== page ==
Graduates in STEM ‘need to rise by half’

The majority of future STEM jobs will be in engineering, requiring almost one in five 21-year-olds to enter the profession between now and 2020
(— via Times Higher Education )

This is reported from a Social Market Foundation report, *In the Balance: The STEM human capital crunch”. The SMF’s own press release leads with the, to my mind, even more explosive:

The Government’s aim to rebalance the economy away from financial services is inconceivable due to a 40,000 per year shortage of home-grown graduates in the science, technology, engineering and maths (STEM) sectors

Their argument appears to be based on last year’s RAEng report Jobs and Growth: the importance of engineering skills to the UK economy (link currently goes to a PDF). I haven’t seen much discussion of that report, despite how crucial its conclusions appear to be.

If this is even vaguely correct, those of us working in STEM engagement and education are tackling not a minor, trivial, spare-time sort of problem, but a major national crisis. Surely.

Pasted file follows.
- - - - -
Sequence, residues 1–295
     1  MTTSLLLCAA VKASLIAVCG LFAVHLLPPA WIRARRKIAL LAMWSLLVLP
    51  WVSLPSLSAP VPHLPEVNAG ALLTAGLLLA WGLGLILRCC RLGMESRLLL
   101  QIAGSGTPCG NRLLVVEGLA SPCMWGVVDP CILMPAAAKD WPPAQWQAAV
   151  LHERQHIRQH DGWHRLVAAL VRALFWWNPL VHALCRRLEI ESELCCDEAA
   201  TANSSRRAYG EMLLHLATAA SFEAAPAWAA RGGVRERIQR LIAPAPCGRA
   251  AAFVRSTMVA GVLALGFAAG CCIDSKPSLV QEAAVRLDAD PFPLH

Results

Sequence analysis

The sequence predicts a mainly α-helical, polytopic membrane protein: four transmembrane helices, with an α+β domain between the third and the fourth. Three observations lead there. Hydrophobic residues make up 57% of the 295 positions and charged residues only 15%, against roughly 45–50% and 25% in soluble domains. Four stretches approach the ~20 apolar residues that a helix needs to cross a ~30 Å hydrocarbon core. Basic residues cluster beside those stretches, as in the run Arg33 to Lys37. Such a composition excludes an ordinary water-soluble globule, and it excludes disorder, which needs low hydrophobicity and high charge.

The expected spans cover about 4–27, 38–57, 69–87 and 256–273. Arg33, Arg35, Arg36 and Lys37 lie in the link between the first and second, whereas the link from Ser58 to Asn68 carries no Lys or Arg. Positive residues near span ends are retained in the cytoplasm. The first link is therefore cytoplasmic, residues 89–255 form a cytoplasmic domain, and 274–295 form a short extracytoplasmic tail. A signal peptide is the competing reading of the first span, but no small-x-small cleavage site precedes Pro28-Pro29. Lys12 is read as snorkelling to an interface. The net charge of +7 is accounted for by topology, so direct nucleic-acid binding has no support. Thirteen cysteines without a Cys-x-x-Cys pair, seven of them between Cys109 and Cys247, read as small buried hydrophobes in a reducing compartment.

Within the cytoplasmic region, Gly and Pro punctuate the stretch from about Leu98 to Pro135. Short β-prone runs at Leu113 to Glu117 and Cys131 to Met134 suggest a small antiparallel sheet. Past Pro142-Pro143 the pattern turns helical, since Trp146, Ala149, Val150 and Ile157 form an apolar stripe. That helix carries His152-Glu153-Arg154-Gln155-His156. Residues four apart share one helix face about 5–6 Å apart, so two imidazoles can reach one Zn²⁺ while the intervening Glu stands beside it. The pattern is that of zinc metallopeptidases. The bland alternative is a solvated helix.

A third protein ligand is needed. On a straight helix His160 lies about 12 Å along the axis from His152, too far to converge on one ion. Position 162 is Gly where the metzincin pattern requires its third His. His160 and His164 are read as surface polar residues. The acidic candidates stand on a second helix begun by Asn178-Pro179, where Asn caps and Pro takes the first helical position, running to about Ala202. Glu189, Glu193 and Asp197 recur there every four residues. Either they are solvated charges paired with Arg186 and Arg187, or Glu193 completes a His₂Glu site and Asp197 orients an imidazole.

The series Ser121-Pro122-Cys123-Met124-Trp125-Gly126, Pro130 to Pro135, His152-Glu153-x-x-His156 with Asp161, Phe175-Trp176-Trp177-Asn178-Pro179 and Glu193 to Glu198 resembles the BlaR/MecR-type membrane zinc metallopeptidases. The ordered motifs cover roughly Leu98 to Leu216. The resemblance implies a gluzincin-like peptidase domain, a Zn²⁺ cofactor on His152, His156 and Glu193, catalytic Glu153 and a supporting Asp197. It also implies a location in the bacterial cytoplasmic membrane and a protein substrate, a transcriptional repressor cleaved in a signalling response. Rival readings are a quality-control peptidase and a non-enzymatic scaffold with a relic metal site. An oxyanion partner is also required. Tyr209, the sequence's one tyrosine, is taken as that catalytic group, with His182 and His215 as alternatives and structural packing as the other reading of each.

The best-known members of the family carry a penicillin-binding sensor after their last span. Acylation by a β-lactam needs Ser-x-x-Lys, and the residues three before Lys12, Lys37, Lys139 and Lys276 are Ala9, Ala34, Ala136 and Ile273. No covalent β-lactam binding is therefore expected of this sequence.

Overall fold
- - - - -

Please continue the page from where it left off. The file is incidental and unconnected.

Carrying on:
The timescale being discussed is ‘by 2020’: people who’d graduate from straight-in 4-year degrees in 2020 have already started their GCSEs. Heck, they’re the generation who might still remember my CITV science shows from when they were 9. You know, before science was removed from children’s TV altogether. And they’re the last year group to fall within this study — everybody for the years before 2020 is already in the pipeline. We can fret about conversion rates, but the ball is already in the roulette wheel and where you place your bet is somewhat irrelevant at this point.

I’ve been meaning to write about this — shout about it — since I first heard of the RAEng report last November. I’m still stunned that nobody seems to be running around screaming that the house is on fire.

I’m particularly baffled that the engineering sector doesn’t appear to see this as a crisis. As their crisis. Why aren’t they frantically looking around the sector, wild-eyed with terror, desperate for anything that might make a difference?

Have they given up? Do they not want to invest? Do they think the Big Bang Fair and Queen Elizabeth Prize have them covered? Perhaps they don’t think this is a tractable problem?

I’m genuinely confused.


StoryCog is a communication consultancy and film production company; see more about us here, or explore the links above left. The views expressed in this blog are those of the authors, though they're quite likely to represent the company's position too.


Get in touch, we'd love to hear from you.